comparable advisory committee for nuclear physics. Such cross agency
planning and coordination is increasingly important for astronomy and astrophysics
as well, as the programs of NASA and NSF bear increasingly on the same
science. The coordinated management of these fields has been a matter
of concern to the administration, but I believe satisfactory new mechanisms
can be developed that will address the issues. The success of HEPAP
and NSAC in coordinating their fields across agencies suggests that a similar
National Astronomy and Astrophysics Advisory Committee can, and should,
help to optimize programs within NASA and NSF.

Both fields are
also becoming increasingly international. Teams building and operating
the great detectors at national accelerator facilities have always had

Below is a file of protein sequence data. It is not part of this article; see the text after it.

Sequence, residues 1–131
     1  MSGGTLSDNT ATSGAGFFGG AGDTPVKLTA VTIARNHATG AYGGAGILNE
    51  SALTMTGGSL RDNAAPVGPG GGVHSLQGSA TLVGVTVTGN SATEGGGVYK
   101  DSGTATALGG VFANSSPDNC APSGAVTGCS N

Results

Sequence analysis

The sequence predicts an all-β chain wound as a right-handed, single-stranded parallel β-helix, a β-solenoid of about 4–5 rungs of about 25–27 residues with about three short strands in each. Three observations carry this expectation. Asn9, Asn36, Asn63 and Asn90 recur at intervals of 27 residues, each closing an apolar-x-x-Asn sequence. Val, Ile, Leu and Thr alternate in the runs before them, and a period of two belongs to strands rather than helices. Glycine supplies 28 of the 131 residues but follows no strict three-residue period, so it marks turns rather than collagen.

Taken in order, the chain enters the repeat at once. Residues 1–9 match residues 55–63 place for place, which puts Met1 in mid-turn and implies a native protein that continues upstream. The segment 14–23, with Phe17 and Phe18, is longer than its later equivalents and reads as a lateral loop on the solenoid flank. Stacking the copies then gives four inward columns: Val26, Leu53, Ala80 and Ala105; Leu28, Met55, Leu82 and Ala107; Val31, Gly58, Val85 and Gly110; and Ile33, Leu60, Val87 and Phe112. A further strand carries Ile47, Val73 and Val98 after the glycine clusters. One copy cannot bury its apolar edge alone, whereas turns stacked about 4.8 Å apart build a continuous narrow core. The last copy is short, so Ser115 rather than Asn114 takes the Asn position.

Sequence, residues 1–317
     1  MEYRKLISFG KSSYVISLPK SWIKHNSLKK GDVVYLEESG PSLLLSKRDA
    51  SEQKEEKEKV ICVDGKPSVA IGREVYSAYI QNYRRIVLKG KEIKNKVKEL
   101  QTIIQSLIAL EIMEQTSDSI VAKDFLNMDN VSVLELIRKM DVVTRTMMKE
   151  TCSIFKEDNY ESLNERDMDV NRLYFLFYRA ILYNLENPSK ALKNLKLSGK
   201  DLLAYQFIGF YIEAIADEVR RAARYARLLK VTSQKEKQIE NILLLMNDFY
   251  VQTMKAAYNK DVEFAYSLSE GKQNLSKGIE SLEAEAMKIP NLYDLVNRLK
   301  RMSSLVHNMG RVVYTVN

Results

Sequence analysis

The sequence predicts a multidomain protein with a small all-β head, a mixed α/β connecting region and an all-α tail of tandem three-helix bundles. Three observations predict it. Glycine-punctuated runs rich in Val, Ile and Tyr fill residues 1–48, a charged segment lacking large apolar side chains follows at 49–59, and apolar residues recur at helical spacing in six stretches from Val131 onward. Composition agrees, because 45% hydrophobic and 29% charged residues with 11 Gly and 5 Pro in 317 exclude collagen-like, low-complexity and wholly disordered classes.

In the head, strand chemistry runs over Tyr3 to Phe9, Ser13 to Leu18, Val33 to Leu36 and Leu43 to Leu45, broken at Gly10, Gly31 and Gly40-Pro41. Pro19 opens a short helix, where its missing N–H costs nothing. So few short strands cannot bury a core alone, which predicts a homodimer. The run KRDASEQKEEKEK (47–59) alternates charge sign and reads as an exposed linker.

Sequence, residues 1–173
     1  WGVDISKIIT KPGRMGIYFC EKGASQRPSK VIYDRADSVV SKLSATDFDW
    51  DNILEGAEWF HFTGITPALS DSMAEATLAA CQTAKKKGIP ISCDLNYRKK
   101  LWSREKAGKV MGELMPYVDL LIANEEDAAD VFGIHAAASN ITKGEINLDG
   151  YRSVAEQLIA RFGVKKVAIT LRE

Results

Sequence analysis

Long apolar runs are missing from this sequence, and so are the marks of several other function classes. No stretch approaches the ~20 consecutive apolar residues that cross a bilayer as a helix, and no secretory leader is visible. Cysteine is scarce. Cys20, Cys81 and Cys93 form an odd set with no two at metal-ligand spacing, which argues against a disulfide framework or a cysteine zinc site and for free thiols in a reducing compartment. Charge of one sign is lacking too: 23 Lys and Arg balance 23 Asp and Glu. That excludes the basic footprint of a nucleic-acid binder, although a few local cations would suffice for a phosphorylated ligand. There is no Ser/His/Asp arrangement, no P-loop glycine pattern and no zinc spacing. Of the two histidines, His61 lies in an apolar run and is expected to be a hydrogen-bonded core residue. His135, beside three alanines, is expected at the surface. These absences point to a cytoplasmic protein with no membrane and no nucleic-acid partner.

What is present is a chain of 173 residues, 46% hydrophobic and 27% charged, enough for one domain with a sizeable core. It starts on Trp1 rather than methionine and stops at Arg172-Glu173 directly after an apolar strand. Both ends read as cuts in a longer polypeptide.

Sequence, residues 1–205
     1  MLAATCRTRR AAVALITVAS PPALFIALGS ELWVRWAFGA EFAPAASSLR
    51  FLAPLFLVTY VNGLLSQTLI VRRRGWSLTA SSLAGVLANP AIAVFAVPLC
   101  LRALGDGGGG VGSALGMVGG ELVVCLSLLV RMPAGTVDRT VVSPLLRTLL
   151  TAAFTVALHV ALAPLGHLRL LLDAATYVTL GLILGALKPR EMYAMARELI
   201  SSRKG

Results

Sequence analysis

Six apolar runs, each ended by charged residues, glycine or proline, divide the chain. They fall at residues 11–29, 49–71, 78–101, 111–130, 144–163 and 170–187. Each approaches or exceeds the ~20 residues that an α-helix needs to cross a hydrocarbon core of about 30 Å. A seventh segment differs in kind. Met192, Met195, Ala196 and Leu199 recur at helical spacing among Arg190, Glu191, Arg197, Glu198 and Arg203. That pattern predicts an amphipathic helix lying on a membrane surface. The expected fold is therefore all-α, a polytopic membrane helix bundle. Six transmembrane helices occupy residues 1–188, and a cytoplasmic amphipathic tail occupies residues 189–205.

strong international collaborations. The United States is participating
in the construction of CERN’s Large Hadron Collider as well as in its ATLAS
detector. Future accelerator projects will be of such large scale
that international cooperation will be essential. Many examples also
exist of international cooperation in astronomy, both for space-based and
ground-based observations. This administration values international
collaborations that serve the mutual interests of the partners, and are
based on sound approaches to the management of their work.

Strong management
is essential to the successful completion and operation of large facilities
as well as to the effective utilization of funds for smaller programs.
This administration strongly emphasizes good management for all Federal
agencies, and The President’s Management Agenda will be applied to science
as well as to other federally funded operations. The Agenda includes
the principle that performance is an important basis for funding allocations,
which implies that measures of performance are essential ingredients in